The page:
Message 13 of 17 , Feb 2, 2007
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James - I like many of the responses you have received and would like
to add one note to Bill's response.

I have found that POs, sponsors and teams are willing to be tough on
themselves about 'done' and taking credit. We have a conversation
about building integrity into the process so they can honestly get the
best of what Scrum offers.

Most people respond well to the honesty principle - not kidding
themselves or others.

Jay
www.jconne.com

--- In scrumdevelopment@yahoogroups.com, "William Wake"
<william.wake@...> wrote:
>
> > If my team has an 8 point story which spanned two iterations, how do
> > you credit the work?
>
> My preference is to say - first iteration gets 0 for that story. For
> the next iteration, estimate the work remaining on the story at the
> start of the iteration, and get that much.
>
> I think of the velocity as "amount our team can commit to and
> deliver", not "amount of work we should get credit for." Some people
> definitely want "credit". But I generally want to drive toward smaller
> stories that are more likely to have the essential value and which
> we're more likely to deliver.
>
> --Bill Wake
>
> --
> Bill Wake William.Wake@... www.xp123.com
>
• Hi everyone, Good discussion. I have a sprint review today followed by a sprint planning meeting, so these thoughts will help me focus our internal
Message 14 of 17 , Feb 2, 2007
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Hi everyone,

Good discussion.  I have a sprint review today followed by a sprint planning meeting, so these thoughts will help me focus our internal discussions here about how to credit this sprint and allocate work for the next one.

-- James

On 2/2/07, jay_conne <jay@...> wrote:

James - I like many of the responses you have received and would like
to add one note to Bill's response.

I have found that POs, sponsors and teams are willing to be tough on
themselves about 'done' and taking credit. We have a conversation
about building integrity into the process so they can honestly get the
best of what Scrum offers.

Most people respond well to the honesty principle - not kidding
themselves or others.

Jay
www.jconne.com

--- In scrumdevelopment@yahoogroups.com, "William Wake"
<william.wake@...> wrote:
>
> > If my team has an 8 point story which spanned two iterations, how do
> > you credit the work?
>
> My preference is to say - first iteration gets 0 for that story. For
> the next iteration, estimate the work remaining on the story at the
> start of the iteration, and get that much.
>
> I think of the velocity as "amount our team can commit to and
> deliver", not "amount of work we should get credit for." Some people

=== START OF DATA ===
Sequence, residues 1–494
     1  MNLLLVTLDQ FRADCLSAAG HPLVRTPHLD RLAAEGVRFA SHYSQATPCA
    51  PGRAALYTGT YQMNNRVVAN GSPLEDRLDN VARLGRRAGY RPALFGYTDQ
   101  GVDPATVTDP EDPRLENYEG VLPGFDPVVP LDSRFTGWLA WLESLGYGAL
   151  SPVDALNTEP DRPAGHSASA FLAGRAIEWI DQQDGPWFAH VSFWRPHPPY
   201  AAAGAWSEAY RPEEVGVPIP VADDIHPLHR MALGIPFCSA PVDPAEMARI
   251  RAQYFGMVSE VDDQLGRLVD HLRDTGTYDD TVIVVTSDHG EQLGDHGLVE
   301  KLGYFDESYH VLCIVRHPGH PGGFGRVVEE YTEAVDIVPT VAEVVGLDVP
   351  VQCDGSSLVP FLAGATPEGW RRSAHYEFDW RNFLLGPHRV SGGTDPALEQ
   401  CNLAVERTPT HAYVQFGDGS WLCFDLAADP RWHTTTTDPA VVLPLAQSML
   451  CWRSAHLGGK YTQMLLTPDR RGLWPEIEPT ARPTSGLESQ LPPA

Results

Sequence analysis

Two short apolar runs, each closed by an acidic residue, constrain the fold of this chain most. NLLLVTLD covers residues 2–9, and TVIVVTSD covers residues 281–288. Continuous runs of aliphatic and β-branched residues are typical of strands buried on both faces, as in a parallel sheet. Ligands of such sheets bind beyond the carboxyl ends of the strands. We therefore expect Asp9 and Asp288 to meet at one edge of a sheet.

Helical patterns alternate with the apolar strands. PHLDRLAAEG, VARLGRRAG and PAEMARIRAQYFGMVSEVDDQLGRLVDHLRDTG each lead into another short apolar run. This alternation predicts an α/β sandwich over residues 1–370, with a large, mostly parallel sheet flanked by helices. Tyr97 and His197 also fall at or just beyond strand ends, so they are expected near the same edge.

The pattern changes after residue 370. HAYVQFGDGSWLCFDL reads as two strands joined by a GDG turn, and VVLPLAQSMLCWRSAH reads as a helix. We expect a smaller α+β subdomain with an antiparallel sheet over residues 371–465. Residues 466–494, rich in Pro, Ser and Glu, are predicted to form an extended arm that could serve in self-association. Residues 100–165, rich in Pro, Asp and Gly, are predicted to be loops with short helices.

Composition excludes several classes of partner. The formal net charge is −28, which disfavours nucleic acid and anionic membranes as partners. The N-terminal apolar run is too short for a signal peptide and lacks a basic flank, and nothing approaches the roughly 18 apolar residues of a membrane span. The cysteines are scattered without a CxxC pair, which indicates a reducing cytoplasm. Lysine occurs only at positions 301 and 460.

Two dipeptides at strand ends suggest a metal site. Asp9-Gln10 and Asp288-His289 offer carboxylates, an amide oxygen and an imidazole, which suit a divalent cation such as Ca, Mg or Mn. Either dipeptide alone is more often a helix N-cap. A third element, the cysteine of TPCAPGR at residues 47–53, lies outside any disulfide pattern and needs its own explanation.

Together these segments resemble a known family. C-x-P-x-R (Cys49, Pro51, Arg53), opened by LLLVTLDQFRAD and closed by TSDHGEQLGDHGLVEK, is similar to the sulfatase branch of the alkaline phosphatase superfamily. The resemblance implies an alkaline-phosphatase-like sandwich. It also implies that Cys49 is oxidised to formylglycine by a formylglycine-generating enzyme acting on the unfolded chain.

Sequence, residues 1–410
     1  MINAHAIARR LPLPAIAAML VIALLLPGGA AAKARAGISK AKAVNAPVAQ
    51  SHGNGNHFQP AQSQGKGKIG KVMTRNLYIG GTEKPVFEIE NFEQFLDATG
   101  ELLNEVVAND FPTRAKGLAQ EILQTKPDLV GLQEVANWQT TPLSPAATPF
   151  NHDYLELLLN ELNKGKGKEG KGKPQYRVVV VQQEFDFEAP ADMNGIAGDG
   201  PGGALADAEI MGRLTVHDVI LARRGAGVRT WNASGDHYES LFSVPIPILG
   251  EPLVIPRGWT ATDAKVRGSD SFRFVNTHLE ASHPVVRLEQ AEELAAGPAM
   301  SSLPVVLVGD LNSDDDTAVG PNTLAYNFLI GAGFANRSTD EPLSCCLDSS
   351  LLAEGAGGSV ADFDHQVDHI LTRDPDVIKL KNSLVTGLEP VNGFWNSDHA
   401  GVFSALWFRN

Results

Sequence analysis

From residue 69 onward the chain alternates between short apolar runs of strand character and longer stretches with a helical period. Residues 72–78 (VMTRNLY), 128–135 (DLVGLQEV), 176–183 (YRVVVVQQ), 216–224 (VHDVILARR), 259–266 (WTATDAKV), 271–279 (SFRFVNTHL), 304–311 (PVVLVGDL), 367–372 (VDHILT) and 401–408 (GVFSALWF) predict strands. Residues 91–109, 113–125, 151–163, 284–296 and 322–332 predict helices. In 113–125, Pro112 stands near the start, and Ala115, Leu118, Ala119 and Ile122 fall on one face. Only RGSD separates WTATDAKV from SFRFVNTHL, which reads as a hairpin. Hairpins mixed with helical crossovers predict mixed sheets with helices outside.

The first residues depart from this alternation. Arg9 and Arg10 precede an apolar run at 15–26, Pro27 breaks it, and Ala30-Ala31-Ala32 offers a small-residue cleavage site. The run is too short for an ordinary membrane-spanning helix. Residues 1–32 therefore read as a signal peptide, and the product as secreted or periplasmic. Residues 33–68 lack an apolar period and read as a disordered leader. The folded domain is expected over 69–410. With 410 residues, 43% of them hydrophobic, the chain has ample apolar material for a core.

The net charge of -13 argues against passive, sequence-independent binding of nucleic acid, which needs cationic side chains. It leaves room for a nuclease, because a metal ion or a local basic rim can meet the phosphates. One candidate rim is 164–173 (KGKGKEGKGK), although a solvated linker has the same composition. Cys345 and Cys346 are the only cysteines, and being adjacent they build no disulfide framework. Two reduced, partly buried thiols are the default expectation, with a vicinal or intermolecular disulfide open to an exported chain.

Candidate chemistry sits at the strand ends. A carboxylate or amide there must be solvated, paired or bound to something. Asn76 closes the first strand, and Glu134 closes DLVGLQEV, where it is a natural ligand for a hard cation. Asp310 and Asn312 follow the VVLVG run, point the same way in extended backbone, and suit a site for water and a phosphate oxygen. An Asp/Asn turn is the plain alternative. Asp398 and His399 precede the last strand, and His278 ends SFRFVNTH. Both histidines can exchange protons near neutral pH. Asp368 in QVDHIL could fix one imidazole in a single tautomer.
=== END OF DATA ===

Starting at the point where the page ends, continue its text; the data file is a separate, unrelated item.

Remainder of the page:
> definitely want "credit". But I generally want to drive toward smaller
> stories that are more likely to have the essential value and which
> we're more likely to deliver.
>
> --Bill Wake
>
> --
> Bill Wake William.Wake@... www.xp123.com
>

• ... Hi James, Our team uses XPlanner to track our stories and tasks. When we first started adopting Scrum we ended up with many stories having some completed
Message 15 of 17 , Feb 2, 2007
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James Cooper wrote:
> If my team has an 8 point story which spanned two iterations, how do
> you credit the work?

Hi James,

Our team uses XPlanner to track our stories and tasks. When we first
started adopting Scrum we ended up with many stories having some
completed tasks and some not completed. XPlanner offers a "Continue"
feature which creates a duplicate of the story and its uncompleted tasks
in the next iteration. The effort spent in the current iteration is
recorded in the existing story while the remaining effort is set as the
estimate on the new story in the next iteration. This avoids skewing
the effort estimates in the current or next iteration.

That said, we've been doing Scrum for a while now and it is very rare
for us to need to Continue a story anymore. We're much better now at
delivering on our commitments, but it took a while to get there.

Guy
• ... But remaining effort doesn t equal original effort minus effort spent ... not unless you had perfect estimates in the first place (ahem!). This approach
Message 16 of 17 , Feb 2, 2007
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--- In scrumdevelopment@yahoogroups.com, Guy Davis <davis@...> wrote:
> The effort spent in the current iteration is
> recorded in the existing story while the remaining effort is set as the
> estimate on the new story in the next iteration.

But remaining effort doesn't equal original effort minus effort spent ...
not unless you had perfect estimates in the first place (ahem!).
project management that lead to 90% done half the time.

It would make more sense to re-estimate the remaining work.

--mj

Michael James
Danube Technologies, Inc.
http://danube.com/blog/michaeljames/
http://scrumworkspro.com
• ... Sorry -- in the case of a backlog item it makes more sense to take zero credit for the item the first time, and then credit for the original
Message 17 of 17 , Feb 2, 2007
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--- In scrumdevelopment@yahoogroups.com, "Michael James" <michael@...> wrote:

> It would make more sense to re-estimate the remaining work.

Sorry -- in the case of a backlog item it makes more sense to take zero
credit for the item the first time, and then credit for the original
(pre-committed) estimate the second time.